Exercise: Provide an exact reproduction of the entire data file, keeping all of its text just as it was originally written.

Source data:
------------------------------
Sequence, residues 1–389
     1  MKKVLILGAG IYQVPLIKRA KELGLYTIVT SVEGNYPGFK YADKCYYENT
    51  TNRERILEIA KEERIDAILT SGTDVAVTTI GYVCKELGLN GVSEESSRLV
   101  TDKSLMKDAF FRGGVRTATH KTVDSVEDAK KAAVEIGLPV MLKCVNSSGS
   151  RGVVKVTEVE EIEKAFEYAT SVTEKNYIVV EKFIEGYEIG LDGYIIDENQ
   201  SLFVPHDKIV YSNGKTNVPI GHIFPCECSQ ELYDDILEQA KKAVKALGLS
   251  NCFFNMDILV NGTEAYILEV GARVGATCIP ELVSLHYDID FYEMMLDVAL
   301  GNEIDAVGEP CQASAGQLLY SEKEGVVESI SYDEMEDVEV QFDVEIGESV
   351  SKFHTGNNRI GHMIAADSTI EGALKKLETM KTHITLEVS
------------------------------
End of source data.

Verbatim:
Sequence, residues 1–389
     1  MKKVLILGAG IYQVPLIKRA KELGLYTIVT SVEGNYPGFK YADKCYYENT
    51  TNRERILEIA KEERIDAILT SGTDVAVTTI GYVCKELGLN GVSEESSRLV
   101  TDKSLMKDAF FRGGVRTATH KTVDSVEDAK KAAVEIGLPV MLKCVNSSGS
   151  RGVVKVTEVE EIEKAFEYAT SVTEKNYIVV EKFIEGYEIG LDGYIIDENQ
   201  SLFVPHDKIV YSNGKTNVPI GHIFPCECSQ ELYDDILEQA KKAVKALGLS
   251  NCFFNMDILV NGTEAYILEV GARVGATCIP ELVSLHYDID FYEMMLDVAL
   301  GNEIDAVGEP CQASAGQLLY SEKEGVVESI SYDEMEDVEV QFDVEIGESV
   351  SKFHTGNNRI GHMIAADSTI EGALKKLETM KTHITLEVS